When one seeks to value the stock of closely held corporations the natural inclination is to “get an appraisal”. According to the Illinois Business Corporation Act an appraisal is one way to value a shareholders stock holding in small corporations yet not the only way. Section 805 ILCS 5/12.56 of the Illinois BCA (Business Corporation Act) allows a court to value a stockholders stock value by means other than appraisals. The provision provides in part: “(e) If the court orders a share purchase, it shall: (i) Determine the fair value of the shares, with or without the assistance of appraisers, taking into account any impact on the value of the shares resulting from the actions giving rise to a petition under this Section. For purposes of this subsection (e), “fair value”, with respect to a petitioning shareholder’s shares, means the proportionate interest of the shareholder in the corporation, without any discount for minority status or, absent extraordinary circumstances, lack of marketability.”
This provision provides several areas of contrast to the natural inclination. For example, the phrase “fair value” is not necessarily “fair market value”. Moreover in the absence of an appraisal, Courts have valued the stock of a family corporations or closely held corporations by using a combination of earning capacity, investment value, history and nature of the business, economic outlook, book value, dividend paying capacity, and market price of stock of similar businesses. Even if one argues these criteria are inherently built into a corporation stock appraisal and therefore clouds the difference between “fair value” and “fair market value” the Courts are allowed to take into consideration “the reasonable expectations of the corporation’s shareholders as they existed at the time the corporation was formed and developed during the course of the shareholders’ relationship with the corporation and with each other.” If every appraisal were to factor in the “reasonable expectations of the corporation’s shareholders as they existed at the time the corporation was formed” then the shares of almost every corporation would be “priceless”.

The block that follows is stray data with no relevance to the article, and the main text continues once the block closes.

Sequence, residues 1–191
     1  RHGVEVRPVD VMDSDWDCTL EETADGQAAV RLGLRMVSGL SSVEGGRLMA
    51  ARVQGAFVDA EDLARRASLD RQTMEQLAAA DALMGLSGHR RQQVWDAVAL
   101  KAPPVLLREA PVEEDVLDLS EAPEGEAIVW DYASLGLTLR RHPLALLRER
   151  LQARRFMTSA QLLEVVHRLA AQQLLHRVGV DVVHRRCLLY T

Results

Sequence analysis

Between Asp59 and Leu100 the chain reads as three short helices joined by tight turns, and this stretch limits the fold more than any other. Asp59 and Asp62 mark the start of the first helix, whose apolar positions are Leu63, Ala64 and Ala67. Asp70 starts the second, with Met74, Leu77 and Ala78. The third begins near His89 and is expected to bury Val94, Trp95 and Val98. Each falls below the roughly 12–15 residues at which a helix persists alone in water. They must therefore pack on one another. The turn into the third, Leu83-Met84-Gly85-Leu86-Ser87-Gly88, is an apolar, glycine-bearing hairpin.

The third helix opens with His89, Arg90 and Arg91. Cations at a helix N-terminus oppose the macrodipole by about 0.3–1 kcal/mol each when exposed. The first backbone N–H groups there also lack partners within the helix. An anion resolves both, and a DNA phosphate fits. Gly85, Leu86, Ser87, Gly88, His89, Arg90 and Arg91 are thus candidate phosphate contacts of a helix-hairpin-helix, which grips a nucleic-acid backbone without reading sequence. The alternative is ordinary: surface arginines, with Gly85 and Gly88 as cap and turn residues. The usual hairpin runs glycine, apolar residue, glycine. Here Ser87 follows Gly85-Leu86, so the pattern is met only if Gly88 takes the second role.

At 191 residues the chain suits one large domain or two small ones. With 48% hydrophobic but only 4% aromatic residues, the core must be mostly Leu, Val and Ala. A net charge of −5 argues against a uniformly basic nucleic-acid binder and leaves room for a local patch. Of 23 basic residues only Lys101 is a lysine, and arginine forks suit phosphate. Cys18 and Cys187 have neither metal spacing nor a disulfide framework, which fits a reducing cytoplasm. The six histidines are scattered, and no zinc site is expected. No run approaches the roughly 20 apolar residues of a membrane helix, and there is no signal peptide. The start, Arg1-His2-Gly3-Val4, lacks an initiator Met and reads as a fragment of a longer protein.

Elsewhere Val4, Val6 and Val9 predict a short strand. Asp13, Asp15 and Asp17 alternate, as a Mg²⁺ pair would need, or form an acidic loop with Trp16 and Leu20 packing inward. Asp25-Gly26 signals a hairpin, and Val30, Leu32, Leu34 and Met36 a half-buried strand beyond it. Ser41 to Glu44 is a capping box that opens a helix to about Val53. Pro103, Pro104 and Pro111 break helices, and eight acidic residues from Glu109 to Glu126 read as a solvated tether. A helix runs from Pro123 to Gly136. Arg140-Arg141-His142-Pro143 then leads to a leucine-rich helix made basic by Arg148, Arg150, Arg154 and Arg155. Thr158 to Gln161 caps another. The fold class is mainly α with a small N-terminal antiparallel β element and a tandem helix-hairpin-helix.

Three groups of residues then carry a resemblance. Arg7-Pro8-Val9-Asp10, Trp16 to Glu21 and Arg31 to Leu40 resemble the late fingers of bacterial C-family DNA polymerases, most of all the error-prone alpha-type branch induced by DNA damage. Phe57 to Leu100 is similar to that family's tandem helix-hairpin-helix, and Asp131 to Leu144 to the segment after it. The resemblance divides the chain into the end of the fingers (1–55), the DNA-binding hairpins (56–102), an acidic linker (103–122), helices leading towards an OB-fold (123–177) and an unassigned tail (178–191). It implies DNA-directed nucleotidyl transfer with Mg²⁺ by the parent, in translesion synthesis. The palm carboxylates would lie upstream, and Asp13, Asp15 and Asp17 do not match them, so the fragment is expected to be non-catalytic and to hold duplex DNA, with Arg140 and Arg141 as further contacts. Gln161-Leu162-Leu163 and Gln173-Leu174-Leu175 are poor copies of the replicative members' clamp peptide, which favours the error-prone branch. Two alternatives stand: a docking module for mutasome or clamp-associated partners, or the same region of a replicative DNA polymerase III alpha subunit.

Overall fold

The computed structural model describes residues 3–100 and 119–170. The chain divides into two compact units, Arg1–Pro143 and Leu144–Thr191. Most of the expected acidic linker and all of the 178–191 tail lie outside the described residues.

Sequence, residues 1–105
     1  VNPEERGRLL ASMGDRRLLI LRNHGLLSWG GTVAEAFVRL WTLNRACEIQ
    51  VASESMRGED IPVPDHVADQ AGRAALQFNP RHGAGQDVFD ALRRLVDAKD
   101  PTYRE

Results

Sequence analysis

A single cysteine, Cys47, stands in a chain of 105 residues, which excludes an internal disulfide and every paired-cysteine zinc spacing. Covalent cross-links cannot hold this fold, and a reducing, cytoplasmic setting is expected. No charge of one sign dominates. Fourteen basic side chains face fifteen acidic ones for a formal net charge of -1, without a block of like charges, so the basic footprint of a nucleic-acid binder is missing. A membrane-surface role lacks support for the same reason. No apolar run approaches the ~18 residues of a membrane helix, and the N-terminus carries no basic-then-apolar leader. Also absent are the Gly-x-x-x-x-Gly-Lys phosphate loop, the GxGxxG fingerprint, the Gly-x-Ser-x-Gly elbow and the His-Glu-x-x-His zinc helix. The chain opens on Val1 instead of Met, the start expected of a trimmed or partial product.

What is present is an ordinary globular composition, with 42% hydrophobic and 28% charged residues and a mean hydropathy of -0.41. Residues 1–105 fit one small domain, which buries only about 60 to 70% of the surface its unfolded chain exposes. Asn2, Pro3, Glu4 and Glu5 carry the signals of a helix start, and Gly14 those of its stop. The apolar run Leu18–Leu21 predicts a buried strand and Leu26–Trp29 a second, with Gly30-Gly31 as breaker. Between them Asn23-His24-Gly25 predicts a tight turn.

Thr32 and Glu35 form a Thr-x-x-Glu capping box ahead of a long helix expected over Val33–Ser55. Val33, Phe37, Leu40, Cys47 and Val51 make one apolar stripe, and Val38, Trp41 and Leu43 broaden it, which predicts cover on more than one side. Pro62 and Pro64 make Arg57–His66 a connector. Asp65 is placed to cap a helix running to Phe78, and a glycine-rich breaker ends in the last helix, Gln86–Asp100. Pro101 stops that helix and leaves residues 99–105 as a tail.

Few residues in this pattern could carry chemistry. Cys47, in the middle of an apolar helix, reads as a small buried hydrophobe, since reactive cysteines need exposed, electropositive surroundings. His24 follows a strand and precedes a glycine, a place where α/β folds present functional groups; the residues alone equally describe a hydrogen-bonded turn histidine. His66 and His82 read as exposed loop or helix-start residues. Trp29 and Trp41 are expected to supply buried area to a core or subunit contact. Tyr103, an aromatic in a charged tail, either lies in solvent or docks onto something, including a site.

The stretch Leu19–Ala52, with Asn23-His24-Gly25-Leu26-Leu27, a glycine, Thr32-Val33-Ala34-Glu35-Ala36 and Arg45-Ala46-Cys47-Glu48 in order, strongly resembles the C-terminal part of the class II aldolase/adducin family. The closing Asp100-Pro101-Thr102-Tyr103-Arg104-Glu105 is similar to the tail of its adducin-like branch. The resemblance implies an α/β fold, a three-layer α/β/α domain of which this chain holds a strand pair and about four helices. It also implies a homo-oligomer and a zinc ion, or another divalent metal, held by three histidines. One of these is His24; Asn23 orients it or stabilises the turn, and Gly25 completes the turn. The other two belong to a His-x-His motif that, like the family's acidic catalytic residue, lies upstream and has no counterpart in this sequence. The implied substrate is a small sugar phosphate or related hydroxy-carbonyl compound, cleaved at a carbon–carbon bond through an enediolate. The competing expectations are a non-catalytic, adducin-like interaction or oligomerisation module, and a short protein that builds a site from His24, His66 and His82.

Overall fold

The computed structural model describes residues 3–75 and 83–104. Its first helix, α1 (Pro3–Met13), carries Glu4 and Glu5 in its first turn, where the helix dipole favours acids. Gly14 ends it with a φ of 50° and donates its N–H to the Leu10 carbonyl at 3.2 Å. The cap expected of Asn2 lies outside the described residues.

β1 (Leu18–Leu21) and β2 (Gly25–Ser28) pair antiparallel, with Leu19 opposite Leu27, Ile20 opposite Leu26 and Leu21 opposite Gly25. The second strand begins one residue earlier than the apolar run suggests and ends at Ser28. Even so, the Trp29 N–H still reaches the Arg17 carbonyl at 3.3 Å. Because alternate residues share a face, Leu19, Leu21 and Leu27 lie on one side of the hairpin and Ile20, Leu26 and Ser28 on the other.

For more information on valuations or other corporate law concerns, contact Horowitz & Weinstein.